According the U.S. Census Bureau’s 2006 report, “Income, Poverty, and Health Insurance Coverage in the United States,” 46.9 million people are uninsured in the U.S. There’s only one problem with this statistic: approximately 31.85 million of them do not actually exist.
The numbers really cannot lie, although the report does. Out of a total population of 297.05 million, the report states on Page 20 that the “number of people covered by private insurance was… 201.7 million in 2006” and the “number of people covered by government health programs was… 80.3 million in 2006.”
Therefore, 282 million had insurance. Which means that out of a total population of 297.05 million, 15.05 million did not have insurance. Right?
Not at the U.S. Census Bureau. There, 297.05 million minus 282 million equals 46.9 million Americans uninsured. How?
Well, call it “fuzzy math.” In the above figure, taken from Page 20 of Census’ report, the fine print reads, “The estimates by type of coverage are not mutually exclusive; people can be covered by more than one type of insurance during the year.” But, nobody can be covered by insurance and not covered by it.
In other words, some 31.85 million people reported as uninsured in 2006 did have some coverage, and the Census included them in both categories. Why? They were probably between jobs at some point during the year, which is not abnormal.
It doesn’t mean they do not have access to health care at all. They were simply temporarily uninsured. Only 15.05 million people fell into the category of being completely uninsured according to the Census’ own data.
Of course, there’s an obvious problem with the use of the Census’ methodology. Nobody told the American people of this critical footnote.
Instead, as recently as July 22nd, they were told by Barack Obama that “This is not just about the 47 million Americans who have no health insurance. Reform is about every American who has ever feared that they may lose their coverage if they become too sick, or lose their job or change their job.”
He said it without any qualification. Without any footnote explaining the complex methodology that grossly overstates the amount of people without any health coverage at all. And certainly without explanation as to why he would propose offering health coverage to over 30 million people who actually have it.
According to the data, 10.1 million of the 46.9 million of Census’ reported uninsured were unemployed for the entire year, and 5.6 million worked part-time, which can safely be said for the most part not to have had access to care. Of the other 31.2 million, 22 million worked full-time, 8.6 million were under 18, and 542 thousand were 65 or older.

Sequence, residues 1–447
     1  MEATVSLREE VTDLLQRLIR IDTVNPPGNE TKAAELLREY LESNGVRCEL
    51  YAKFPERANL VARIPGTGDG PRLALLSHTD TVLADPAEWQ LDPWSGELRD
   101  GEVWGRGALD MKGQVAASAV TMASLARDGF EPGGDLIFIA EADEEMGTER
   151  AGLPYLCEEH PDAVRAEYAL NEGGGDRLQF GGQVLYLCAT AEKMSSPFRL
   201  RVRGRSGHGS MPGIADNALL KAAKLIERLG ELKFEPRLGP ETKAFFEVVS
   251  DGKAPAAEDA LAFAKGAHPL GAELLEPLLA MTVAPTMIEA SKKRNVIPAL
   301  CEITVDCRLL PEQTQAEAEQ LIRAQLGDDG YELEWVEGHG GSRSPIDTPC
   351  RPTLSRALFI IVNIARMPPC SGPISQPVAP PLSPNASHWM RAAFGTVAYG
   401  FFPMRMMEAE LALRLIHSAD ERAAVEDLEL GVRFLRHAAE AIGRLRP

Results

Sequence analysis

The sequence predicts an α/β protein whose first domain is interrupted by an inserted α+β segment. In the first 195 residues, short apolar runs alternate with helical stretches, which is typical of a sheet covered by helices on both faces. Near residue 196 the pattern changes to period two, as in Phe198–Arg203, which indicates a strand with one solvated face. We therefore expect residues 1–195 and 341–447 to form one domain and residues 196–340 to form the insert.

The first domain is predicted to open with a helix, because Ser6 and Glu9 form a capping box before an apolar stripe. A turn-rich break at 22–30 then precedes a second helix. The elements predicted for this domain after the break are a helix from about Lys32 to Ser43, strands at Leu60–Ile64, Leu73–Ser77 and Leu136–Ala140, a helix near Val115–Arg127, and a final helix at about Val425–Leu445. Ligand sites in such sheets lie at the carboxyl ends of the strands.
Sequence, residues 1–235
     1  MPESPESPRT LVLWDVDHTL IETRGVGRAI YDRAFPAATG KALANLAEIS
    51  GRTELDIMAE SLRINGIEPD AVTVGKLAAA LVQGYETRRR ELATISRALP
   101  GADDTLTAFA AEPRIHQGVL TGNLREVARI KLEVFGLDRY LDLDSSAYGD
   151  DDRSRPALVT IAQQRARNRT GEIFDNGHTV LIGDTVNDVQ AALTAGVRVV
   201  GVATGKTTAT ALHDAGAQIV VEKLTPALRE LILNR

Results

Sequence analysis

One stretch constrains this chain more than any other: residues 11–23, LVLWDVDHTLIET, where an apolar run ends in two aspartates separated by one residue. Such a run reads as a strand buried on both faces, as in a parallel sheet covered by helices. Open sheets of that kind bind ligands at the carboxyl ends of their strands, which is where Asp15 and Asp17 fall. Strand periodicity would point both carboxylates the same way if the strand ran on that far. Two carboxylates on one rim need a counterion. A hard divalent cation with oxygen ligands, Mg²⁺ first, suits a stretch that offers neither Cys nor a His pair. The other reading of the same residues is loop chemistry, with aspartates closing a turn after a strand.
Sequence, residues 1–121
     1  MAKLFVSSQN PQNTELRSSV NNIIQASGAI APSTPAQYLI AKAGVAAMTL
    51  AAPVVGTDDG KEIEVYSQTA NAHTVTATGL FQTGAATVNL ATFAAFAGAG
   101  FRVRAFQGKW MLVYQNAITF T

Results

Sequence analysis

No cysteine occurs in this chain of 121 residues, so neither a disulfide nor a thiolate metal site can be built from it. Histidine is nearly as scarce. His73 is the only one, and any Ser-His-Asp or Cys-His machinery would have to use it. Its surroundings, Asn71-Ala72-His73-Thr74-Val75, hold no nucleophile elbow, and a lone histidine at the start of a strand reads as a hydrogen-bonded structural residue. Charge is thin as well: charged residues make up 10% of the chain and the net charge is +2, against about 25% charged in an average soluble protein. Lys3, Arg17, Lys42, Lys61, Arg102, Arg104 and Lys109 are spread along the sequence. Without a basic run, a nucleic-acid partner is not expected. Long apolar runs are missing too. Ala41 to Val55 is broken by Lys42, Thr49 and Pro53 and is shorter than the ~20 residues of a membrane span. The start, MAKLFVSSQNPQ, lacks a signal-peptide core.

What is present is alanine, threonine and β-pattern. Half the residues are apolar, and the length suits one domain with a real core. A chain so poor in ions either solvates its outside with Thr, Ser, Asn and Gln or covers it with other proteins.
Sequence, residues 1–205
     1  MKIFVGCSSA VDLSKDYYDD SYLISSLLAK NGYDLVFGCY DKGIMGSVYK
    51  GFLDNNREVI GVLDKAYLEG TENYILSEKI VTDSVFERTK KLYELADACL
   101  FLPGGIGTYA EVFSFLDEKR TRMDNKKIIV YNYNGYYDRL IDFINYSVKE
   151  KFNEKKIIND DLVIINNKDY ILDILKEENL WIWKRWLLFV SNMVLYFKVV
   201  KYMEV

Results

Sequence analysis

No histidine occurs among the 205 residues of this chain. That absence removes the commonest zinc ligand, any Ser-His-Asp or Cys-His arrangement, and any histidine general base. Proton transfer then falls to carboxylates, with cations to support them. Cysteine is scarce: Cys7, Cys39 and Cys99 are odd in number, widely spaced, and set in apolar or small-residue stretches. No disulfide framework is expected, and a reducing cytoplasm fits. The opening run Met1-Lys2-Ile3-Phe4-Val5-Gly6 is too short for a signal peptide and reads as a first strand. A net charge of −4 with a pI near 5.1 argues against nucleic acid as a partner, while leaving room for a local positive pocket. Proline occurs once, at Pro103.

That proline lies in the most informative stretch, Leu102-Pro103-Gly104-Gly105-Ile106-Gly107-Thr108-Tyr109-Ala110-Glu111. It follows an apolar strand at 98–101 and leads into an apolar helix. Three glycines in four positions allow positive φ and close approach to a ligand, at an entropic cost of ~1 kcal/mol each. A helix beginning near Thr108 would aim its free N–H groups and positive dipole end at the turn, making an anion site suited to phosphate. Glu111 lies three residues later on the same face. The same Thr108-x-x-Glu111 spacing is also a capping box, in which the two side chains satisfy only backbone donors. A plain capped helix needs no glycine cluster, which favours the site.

So, if we’re to believe Census’ report, every year, over 30 million Americans have coverage, subsequently lose that coverage, and then for most of the year fail to get new coverage.
Only that’s impossible, since 22 million of them were working full-time according to the report.
They didn’t lose their jobs. So, how is it possible that they lost their coverage?
It isn’t. But, based upon the data, in the next year, roughly the same amount of people again had access to coverage, lost it, and then for most of the year failed to get new coverage—and yet did not lose their jobs.
Remarkably, the number of individuals without any insurance at all has remained about the same, meaning that folks who did lose insurance regain it in less than a year’s time. In both 2005 and 2006, the number of absolutely uninsured was 15 million. In the more recent 2007 report the number decreased to 13.6 million who had no health coverage at all. 285 million did have coverage out of a total of 298.6 million. So, what gives?
Simply put, the reports are wrong, and they have simply become the bureaucratic means of giving politicians the “proof” they want to fit their hypothesis of a “crisis.”
It therefore makes no sense to screw over the 285 million who already have coverage by completely reorganizing the entire system to offer welfare to some 13.6-15.05 million without it.
Because, it is not necessary for the government to take over the entire health care system, such as is proposed under ObamaCare, in order to offer health coverage to those people. And the politicians know it.
This is why they are making use of gross exaggeration to concoct the crisis of 47 million “uninsured.” It’s not about providing health care at all. It’s about expanding bureaucracy. It’s about a takeover. It’s about control. Only, now you know.
Robert Romano is the ALG Senior News Editor.